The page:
In the negotiations which terminated in the purchase of Alaska in 1867, it was scarcely contemplated that, in acquiring a quitclaim from Russia for an outlying territory equal in area to five of the greater States of the Union, we were also assuming a new race problem of the most interesting character. The long delay of Congress, until 1884, in making any other provision for the government of the country than applying the customs laws, and authorizing the Secretary of the Treasury to lease the two small seal islands in Behring Sea, in order to preserve the seal rookeries from total destruction, was a reflex of the indifference of the people of the entire country to this most recent acquisition of federal domain.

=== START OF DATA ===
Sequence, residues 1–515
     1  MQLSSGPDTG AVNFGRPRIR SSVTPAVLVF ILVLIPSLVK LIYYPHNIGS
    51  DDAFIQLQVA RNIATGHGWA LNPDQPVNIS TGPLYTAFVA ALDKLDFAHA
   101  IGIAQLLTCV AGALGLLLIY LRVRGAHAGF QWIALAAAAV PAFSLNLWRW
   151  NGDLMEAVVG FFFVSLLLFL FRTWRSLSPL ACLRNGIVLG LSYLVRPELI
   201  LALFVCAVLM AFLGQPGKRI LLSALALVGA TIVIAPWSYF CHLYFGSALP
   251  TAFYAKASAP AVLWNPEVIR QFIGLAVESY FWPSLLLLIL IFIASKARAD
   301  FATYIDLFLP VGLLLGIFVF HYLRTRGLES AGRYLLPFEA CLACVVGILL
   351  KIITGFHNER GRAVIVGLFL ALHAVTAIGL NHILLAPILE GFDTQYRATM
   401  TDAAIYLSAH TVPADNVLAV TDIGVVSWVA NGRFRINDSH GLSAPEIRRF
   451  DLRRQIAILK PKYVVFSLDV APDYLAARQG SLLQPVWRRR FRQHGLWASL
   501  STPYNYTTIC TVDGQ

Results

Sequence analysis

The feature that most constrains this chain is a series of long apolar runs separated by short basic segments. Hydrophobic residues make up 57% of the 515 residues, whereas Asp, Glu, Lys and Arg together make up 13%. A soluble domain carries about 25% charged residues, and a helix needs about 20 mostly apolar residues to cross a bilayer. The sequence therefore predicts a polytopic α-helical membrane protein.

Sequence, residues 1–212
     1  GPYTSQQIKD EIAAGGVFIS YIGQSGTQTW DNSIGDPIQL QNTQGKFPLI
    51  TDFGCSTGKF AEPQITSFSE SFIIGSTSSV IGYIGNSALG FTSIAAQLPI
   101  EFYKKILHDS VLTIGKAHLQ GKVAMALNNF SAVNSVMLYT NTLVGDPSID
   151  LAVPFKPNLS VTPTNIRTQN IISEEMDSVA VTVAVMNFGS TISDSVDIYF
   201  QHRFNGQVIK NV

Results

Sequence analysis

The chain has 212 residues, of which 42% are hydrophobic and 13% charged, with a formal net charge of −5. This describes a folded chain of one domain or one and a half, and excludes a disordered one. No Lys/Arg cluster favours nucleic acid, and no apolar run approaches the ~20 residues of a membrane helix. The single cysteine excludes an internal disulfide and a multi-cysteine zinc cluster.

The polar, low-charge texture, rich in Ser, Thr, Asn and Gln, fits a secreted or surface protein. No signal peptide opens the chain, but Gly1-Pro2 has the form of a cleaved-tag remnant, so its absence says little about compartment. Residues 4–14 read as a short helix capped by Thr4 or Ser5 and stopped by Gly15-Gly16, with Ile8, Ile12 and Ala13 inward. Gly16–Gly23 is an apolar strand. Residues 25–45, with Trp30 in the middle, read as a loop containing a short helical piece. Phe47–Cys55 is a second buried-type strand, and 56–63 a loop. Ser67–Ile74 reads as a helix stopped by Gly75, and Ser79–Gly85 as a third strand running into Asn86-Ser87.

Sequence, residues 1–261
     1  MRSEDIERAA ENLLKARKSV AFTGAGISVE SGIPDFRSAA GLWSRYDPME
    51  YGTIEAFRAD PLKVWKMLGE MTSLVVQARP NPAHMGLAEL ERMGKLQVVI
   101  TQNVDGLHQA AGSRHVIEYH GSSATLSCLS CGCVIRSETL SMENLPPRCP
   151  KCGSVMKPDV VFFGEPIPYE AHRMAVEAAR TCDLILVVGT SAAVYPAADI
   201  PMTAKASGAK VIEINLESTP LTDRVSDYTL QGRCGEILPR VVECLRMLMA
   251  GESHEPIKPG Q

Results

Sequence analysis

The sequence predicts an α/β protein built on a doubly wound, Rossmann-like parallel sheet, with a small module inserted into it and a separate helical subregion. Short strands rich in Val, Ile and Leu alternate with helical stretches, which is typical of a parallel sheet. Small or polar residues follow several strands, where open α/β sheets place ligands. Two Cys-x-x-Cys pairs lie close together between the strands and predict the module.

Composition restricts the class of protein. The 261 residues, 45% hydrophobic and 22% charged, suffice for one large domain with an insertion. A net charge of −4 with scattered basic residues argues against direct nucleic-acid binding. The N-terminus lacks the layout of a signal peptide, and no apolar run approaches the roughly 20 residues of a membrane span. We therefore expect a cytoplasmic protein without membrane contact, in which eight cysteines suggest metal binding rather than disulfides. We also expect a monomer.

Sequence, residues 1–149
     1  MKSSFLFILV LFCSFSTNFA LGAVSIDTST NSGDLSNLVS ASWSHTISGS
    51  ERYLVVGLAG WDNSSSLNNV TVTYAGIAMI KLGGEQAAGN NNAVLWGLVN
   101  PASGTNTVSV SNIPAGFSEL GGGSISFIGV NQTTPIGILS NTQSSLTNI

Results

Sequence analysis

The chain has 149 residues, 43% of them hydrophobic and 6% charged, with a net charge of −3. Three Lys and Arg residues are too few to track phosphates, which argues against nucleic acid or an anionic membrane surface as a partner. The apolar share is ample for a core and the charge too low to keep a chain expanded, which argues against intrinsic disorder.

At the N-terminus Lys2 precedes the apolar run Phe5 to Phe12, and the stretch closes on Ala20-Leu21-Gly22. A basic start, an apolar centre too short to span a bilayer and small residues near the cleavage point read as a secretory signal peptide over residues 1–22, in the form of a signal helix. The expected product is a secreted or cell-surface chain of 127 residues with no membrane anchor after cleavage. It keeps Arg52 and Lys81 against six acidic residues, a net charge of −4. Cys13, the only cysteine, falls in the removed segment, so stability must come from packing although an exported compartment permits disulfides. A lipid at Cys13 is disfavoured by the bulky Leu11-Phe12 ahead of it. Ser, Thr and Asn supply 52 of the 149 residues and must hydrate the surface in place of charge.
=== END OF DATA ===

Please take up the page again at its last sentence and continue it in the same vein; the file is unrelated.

Ten years ago, the Board of Home Missions of the Presbyterian Church first turned its attention to this new field, and sent its agents into Alaska to break the ground for an entirely new missionary enterprise; and while that body, by reason of its priority in preempting the field, has succeeded in establishing nearly all the mission stations which exist in Southeastern Alaska, other church organizations have followed in its footsteps, and support missions and schools to the westward, and in the great Yukon Valley north of Mt. St. Elias. In addition to these private enterprises undertaken to christianize and civilize the natives, Congress, during the last four sessions, has appropriated a sum of money ranging from forty-five thousand to fifty thousand dollars annually, to be expended in the support of the general education of both the natives and the whites, and placed the same under the control of the Secretary of the Interior and of the Bureau of Education in that department. The amount appropriated for the current fiscal year is fifty thousand dollars. For the purpose of wisely distributing this fund, and carrying out the design of Congress, the Secretary of the Interior constituted a local board of administration, consisting of the governor, the United States district judge, a general agent of education residing in the Territory, and two other residents. This board has no authority, however, beyond making recommendations, — the ultimate execution of the law and the application of the appropriations depending upon the will of the Commissioner of Education, subject to the supreme direction of the Secretary of the Interior. The natives, or Indians of Alaska, as they are frequently and perhaps inaccurately designated, are in no sense subject to the Indian Bureau or the Superintendent of Indian Schools at Washington; and the only recognition of their Indian character by any federal official in the Territory is in the courts, in applying the statutes of the United States which prohibit the sale of certain firearms and intoxicating liquors to them.